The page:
Article: Bethany Y. Li, Now is the Time: Challenging Resegregation and Displacement in the Age of Hypergentrification, 85 Fordham L. Rev. 1189 (2016).
Gentrification is reaching a tipping point of resegregating urban space in global cities like New York and San Francisco, often spurred by seemingly neutral government policies. The displacement resulting from gentrification forces low-income people from their homes into areas of concentrated poverty. Low-income communities consequently lose space, place, social capital, and cultural wealth that residents and small businesses have spent decades building up. This Article argues that communities at this tipping point must integrate litigation strategies directly aimed at stemming the adverse impacts of gentrification. Community organizing is integral to antidisplacement efforts, but litigation—and its injunctive powers—should play a larger role in protecting residents in hypergentrified neighborhoods. Using a rezoning that spurred gentrification in New York City’s Chinatown and Lower East Side as a case study, this Article considers how the Fair Housing Act, state constitutions, and a new vision of property law could counter the negative and often racially discriminatory effects of gentrification on low-income communities.
Sandra G. Mayson, Dangerous Defendants, University of Pennsylvania Law School, Public Law Research Paper No. 16-30 (2016).
Bail reform is underway — but it is proceeding on shaky ground. The reform model, which deploys actuarial risk assessment to identify “high-risk” defendants, assumes that the state has the prerogative to detain or control dangerous defendants. This assumption is not new. But it is anomalous. In general, we do not permit the state to restrain sane, responsible adults solely to stop them from committing hypothetical future crimes, even those who are high-risk. The reform movement’s focus on danger thus crystallizes a fundamental question about pretrial policy: What justifies the state in restraining defendants for dangerousness before trial if we would prohibit the same restraint for equally dangerous members of the public? Although there is an extensive literature on preventive detention, neither the Supreme Court nor prior scholarship has focused on this comparative question. This Article endeavors to answer it. It makes the first effort to articulate and evaluate potential justifications for subjecting defendants to restraint that we would forbid for non-defendants who pose an equal risk. The Article explores doctrinal, deontological and instrumentalist justifications, but ultimately rejects them. It contends that pretrial restraint for dangerousness can only be justified at the risk threshold where we would authorize equivalent restraint of a member of the population at large. Communities, policymakers and courts should therefore determine what they believe this threshold to be, then ensure that pretrial risk assessment and management are tailored to it.
Article: Daniel Shaviro, The Mapmaker’s Dilemma in Evaluating High-End Inequality, New York University Public Law and Legal Theory Working Papers (2016).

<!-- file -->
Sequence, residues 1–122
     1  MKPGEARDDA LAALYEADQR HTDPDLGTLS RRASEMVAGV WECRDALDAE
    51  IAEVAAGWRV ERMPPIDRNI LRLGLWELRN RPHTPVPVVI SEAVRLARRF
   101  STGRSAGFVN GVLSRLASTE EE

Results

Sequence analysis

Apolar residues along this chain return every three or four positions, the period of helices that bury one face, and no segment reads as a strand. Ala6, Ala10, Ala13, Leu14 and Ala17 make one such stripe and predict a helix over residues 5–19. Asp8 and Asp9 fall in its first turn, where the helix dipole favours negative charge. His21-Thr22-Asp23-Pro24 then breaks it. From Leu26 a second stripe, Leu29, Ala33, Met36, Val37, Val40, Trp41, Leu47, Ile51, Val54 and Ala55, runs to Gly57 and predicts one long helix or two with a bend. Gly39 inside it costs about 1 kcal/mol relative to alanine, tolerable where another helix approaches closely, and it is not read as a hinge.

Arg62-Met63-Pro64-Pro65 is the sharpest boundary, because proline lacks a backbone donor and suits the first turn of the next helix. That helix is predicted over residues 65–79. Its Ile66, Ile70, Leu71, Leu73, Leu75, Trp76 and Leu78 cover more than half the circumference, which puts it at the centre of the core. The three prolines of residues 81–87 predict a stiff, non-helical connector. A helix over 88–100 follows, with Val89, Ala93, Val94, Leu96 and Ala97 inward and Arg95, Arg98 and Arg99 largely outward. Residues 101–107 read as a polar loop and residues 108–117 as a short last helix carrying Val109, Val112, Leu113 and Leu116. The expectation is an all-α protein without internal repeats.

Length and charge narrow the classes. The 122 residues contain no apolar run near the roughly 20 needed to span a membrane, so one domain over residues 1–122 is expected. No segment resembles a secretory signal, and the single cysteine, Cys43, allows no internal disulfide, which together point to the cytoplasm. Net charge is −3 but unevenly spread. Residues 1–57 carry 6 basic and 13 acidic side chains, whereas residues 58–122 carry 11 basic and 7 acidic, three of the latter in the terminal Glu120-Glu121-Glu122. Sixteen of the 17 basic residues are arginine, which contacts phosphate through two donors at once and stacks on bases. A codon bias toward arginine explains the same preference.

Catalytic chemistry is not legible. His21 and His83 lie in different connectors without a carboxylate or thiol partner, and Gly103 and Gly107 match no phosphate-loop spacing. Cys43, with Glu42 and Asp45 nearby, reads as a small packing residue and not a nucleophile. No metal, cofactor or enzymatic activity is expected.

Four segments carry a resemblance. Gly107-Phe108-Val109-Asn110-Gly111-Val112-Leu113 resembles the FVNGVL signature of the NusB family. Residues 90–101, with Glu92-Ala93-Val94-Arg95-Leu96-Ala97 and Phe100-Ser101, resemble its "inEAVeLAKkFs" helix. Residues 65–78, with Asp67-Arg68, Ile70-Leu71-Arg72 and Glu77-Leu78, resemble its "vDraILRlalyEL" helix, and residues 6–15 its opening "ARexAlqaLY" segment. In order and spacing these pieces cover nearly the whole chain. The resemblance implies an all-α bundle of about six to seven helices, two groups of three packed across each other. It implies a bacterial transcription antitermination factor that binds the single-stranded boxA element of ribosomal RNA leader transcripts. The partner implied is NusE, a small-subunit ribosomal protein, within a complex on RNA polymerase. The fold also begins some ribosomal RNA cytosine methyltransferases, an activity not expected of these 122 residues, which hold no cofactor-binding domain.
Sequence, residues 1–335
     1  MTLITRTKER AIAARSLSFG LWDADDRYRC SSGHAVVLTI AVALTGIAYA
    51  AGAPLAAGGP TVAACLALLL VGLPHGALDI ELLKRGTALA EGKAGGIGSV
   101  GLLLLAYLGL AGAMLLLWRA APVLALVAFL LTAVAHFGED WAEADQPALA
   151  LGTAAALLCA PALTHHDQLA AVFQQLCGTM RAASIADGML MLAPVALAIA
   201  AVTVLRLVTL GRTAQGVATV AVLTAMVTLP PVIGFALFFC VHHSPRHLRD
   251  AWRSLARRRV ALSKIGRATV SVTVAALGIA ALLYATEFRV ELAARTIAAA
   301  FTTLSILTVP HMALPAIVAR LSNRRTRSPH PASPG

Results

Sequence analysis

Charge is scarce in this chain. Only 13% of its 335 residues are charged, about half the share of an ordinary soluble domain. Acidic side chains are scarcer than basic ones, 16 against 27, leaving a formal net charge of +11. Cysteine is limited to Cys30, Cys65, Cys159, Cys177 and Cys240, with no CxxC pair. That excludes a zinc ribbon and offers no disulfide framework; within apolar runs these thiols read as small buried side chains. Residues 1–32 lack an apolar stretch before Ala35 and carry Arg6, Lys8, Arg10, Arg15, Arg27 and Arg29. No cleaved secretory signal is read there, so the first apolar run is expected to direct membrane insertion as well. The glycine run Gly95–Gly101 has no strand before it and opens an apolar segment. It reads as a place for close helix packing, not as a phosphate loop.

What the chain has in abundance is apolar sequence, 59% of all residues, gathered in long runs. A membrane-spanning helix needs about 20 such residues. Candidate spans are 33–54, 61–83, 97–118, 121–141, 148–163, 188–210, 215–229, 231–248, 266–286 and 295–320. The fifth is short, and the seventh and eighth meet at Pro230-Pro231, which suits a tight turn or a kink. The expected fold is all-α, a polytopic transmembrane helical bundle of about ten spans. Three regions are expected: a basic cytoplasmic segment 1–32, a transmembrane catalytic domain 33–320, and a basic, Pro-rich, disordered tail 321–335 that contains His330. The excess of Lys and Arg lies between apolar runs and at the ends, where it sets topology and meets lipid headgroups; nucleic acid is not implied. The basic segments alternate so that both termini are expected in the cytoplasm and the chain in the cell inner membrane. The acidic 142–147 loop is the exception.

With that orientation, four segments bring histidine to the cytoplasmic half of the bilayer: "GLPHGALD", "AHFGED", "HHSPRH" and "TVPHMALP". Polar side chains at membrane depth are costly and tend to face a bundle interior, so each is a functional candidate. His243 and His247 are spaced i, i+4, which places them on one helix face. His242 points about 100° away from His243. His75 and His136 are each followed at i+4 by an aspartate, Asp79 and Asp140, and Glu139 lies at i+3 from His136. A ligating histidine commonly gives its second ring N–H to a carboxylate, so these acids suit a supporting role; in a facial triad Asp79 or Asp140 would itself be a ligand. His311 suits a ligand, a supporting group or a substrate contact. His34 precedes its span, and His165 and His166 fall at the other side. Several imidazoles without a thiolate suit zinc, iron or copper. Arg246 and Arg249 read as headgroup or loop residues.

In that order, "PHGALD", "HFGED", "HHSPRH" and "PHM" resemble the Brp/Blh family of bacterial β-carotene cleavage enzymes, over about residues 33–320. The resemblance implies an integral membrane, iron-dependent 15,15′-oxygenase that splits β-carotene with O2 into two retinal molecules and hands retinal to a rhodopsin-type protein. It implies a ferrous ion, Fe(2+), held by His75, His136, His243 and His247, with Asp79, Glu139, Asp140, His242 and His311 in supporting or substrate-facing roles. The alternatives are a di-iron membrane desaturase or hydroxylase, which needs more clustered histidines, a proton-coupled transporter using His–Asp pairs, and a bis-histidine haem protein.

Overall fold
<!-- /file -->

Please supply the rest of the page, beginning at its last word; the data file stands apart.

The last thirty years have witnessed rising income and wealth concentration among the top 0.1 percent of the population, leading to intense political debate regarding how, if at all, policymakers should respond. Often, this debate emphasizes the tools of public economics, and in particular optimal income taxation. However, while these tools can help us in evaluating the issues raised by high-end inequality, their extreme reductionism – which, in other settings, often offers significant analytic payoffs – here proves to have serious drawbacks. This paper addresses what we do and don’t learn from the optimal income tax literature regarding high-end inequality, and what other inputs might be needed to help one evaluate the relevant issues.
Article: Katharine G. Young, Rights and Queues: On Distributive Contests in the Modern State, 55 Colum. J. Transnt’l L. 65 (2016).
Two legal concepts have become fundamental to questions of resource allocation in the modern state: rights and queues. As rights are increasingly recognized in areas such as housing, health care, or immigration law, so too are queues used to administer access to the goods, services, or opportunities that realize such rights, especially in conditions of scarcity. This Article is the first to analyze the concept of queues (or temporal waiting lines or lists) and their ambivalent, interdependent relation with rights. After showing the conceptual tension between rights and queues, the Article argues that queues and “queue talk” present a unique challenge to rights and “rights talk.” In exploring the currency of rights and queues in both political and legal terms, the Article illustrates how participants discuss and contest the right to housing in South Africa, the right to health care in Canada, and the right to asylum in Australia. It argues that, despite its appearance in very different ideological and institutional settings, the political discourse of “queues” and especially “queue jumping” commonly invokes misleading distinctions between corruption and order, markets and bureaucracies, and governments and courts. Moreover, queue talk obscures the first-order questions on which resource allocations in housing, health care, or immigration contexts must rely. By bringing much-needed complexity to the concept of “queues,” the Article explores ways in which general principles of allocative fairness may be both open to contestation and yet supportive of basic claims of rights.